One of the biggest issues I have with SmartPoints has nothing to do with sugar. For medical reasons, I cannot plan meals with large portions of meat. Extra protein comes in the form of grains & beans. These healthy foods have increased in points but the amount of points I can eat haven’t increased (I may have a different mix but I have the exact same total). I’m a Lifetime member at goal so my plan is to incorporate the good points of this plan. Products in my house that have too much hidden sugar or sat fat are being replaced by better choices. As I make these changes, I may find SP doable but for now, I’m happy with my PP lifestyle. I’ll cheer for those that do SP & are successful.

    • says

      I agree in your case that you obviously need to follow your own medical requirements. I think as someone lifetime at goal, though, you could mostly follow SP by adjusting your points to where you will maintain. I know that right now the website doesn’t let someone lifetime add more than 6 points to their daily total. Reportedly, that capability will be added back in for lifetime members. And, of course, lifetime members always have been able to increase their food so they don’t lose too much. I think you may find it will work well for you.

      By the way, I love black beans and I know that a cup of them have not changed in points.

      • LavonM says

        I’ll check into the black beans. The beans i currently have on my shelf went up a point. It’s not a lot but a point here & a point there add up quickly. Thanks for the info.

      • LavonM says

        By the way, I just got back from the grocery store & I checked black beans. According to the manual calculator, the black beans went up 1 point. I’m not sure why but keep it in mind since you eat a lot of them. I checked a few others & the kidney beans stayed the same.

          • LavonM says

            The brand might be the issue. I didn’t check other brands since the one I buy has the least amount of sodium. I’ll have to check next time I’m at the grocery store just out of curiosity.

  2. says

    Kitty, I agree that change is possible too. I had a tough time recently getting back to eating on plan, but once I made it through those first few days, it was better. Some of the pain is just the pain of transition. Then, though, we have to live in that new paradigm, and find out if it does work for us as a long-term plan. Hopefully we can find ways to tweak our plan, if necessary, rather than chucking it altogether and heading straight back to the full-size snickers + soda + donuts. Hopefully we can manage something between two extremes, that is something that improves weight and health. Cheers.
    Wendy recently posted…Waiting for a whoosh.My Profile

    • says

      I agree. I think that changing from one way of eating abruptly to another can be very difficult. I know it has taken me awhile to really internalize that. And, sometimes it is hard to get back on track. I was like that in November, but finally got back there. I know you will do it as well.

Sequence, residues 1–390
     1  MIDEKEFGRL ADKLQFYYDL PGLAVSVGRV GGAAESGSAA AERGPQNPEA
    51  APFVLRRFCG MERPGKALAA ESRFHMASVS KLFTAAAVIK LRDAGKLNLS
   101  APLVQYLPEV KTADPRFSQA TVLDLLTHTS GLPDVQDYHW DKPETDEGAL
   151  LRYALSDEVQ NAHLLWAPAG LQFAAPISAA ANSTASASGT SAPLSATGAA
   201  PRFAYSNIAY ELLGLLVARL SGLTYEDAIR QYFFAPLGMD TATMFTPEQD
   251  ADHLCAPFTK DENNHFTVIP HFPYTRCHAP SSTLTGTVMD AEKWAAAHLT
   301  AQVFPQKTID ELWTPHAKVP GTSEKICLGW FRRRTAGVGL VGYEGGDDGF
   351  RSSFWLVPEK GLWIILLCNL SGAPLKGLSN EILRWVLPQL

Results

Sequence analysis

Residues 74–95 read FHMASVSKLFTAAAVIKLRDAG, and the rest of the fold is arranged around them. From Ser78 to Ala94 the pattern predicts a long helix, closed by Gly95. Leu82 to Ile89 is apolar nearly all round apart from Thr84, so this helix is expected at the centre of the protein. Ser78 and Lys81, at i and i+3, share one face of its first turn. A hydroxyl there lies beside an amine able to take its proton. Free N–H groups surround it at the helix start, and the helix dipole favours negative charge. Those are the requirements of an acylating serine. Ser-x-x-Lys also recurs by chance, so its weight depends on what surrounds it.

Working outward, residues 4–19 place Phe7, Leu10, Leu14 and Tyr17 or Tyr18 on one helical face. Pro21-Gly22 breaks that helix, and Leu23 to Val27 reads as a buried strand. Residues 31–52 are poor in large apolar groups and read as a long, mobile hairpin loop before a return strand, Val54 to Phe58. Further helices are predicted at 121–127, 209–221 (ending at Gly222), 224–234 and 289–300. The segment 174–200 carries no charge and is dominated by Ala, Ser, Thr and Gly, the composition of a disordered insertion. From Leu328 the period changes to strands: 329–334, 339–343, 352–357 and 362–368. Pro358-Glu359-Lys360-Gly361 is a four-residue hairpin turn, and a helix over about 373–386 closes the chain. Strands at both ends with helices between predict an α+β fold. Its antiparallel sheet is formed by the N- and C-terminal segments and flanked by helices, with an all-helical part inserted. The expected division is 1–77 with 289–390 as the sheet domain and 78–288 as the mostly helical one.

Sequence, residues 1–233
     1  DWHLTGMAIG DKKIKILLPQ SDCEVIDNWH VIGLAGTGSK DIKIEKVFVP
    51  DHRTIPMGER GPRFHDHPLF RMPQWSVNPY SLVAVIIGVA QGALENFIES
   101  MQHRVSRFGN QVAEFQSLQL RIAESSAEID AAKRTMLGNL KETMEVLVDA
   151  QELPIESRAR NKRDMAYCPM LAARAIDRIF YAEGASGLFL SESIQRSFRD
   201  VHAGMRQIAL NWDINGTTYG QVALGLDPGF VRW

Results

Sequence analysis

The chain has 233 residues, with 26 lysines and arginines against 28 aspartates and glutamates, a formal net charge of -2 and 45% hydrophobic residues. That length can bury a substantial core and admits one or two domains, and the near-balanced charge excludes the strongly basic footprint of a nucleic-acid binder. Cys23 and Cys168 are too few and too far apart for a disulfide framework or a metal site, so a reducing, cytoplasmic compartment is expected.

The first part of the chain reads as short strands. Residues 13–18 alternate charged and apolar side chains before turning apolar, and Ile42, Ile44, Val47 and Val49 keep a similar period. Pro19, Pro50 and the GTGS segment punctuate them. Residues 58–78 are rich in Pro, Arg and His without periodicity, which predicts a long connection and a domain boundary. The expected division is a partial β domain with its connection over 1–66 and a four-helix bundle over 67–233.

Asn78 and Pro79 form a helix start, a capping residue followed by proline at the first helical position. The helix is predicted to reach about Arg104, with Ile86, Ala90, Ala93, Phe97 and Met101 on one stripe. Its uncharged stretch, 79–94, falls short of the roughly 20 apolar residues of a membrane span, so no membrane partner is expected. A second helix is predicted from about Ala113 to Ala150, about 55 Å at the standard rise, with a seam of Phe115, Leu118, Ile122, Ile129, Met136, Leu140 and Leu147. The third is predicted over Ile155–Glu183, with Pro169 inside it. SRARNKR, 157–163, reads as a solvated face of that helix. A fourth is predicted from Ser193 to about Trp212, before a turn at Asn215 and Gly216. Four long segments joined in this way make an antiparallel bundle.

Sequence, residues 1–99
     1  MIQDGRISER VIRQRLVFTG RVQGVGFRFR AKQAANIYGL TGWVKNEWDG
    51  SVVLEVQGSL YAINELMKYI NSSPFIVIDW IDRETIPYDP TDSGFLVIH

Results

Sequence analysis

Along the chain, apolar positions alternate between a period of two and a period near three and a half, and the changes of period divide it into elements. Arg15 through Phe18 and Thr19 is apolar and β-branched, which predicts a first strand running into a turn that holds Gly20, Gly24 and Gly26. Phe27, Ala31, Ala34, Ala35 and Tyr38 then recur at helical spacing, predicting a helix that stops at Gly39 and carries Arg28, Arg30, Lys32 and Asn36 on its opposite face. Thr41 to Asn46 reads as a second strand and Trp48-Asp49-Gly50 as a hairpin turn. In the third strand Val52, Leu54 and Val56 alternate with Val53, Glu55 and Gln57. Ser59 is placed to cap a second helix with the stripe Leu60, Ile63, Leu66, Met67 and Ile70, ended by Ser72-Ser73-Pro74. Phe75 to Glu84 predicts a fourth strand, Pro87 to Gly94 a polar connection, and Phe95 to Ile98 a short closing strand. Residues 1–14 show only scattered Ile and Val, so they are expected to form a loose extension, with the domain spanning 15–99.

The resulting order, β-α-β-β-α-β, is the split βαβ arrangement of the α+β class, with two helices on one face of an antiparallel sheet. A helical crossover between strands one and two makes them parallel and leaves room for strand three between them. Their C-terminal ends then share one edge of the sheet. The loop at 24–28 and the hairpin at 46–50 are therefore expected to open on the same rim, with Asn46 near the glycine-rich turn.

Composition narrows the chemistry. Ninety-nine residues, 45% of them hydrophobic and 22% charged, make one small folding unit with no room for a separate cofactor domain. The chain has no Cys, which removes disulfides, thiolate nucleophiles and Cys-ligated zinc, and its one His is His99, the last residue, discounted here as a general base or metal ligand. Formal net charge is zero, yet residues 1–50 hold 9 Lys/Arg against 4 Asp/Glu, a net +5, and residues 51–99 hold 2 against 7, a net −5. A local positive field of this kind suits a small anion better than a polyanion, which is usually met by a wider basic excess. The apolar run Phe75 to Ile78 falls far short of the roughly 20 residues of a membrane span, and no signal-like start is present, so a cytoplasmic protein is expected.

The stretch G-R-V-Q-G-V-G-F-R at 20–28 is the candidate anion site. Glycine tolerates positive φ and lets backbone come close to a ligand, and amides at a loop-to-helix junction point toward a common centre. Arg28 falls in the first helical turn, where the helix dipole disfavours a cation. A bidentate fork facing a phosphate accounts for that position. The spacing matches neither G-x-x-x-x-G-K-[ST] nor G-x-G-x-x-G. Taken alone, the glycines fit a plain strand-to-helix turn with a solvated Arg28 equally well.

3. says

    The issue I have is that I’ve never been a person that craved “sweets”; “salt” is normally my craving…until Smart Points came around now sweets are all I want. My doctor always told me “don’t ever do a “diet” that restricts a certain type of food; you’ll want that food and then you’ll fail; work on portion control and moderation to stay on track” Points Plus was that program that correctly did portion/moderation with success.

    I dove right into Smart Points as I figured it was the way to go…..each day got harder and harder but I keep telling myself I can do it; but deep down I know I’ll end up back with Points Plus but will still go to meetings/weigh-in until I’m back at goal.

    • says

      I do think that if, after giving SP a good attempt, you find that your weight loss and health do better on PP then it is entirely reasonable to follow PP. It is important to find the plan that works best for you.

      I do wonder about your doctor’s statement about not restricting a certain type of food, but suggesting moderation. That is because moderation is restricting. Moderation is some point between totally abstaining from a type of food to eating that food with no restriction. I wonder if by restriction your doctor really meant abstaining. I have eaten chocolate, pie, chips, etc. on SP. I have not abstained from them (and have no plan to). But I do restrict how much I eat of them. To me, another way to say that exact same thing is to say: I do eat them in moderation.

  4. says

    Well, I have had to stop dual-tracking calories and SPs because this time of year is just too busy to do all that work! :p It’s strictly calories at this point, though I do plan to go back and track SPs later. So although I can’t report on my results at this point, I can definitely agree that it IS possible to change your way of eating. There are SO many things I once thought I could never live without that I don’t even think about anymore. Or in some cases, can’t stand! Pizza, Diet Coke, tater tots… :p I’m still a sugar-lover, though, ha ha! But I know that it’s something I really need to work on. We shall see!
    Stephanie Hawkins recently posted…Merry Christmas 2015My Profile

  5. K says

    I think a lot of people feel restricted now because the WW plan used to allow for a ton of processed food – sugar free, low fat, etc etc. People learned how to “game” the system in order to get a ton of food for little points but there wasn’t much real food. I actually found PointsPlus to be difficult to follow because I don’t eat any artificial sweeteners and felt like everything I wanted to eat was high in points. I’m looking forward to SmartPoints!

    • says

      Good point. I think in some ways it is easier for me because I originally started WW on the exchange plan where you could eat anything, but the exchanges meant that most of your food needed to be real food.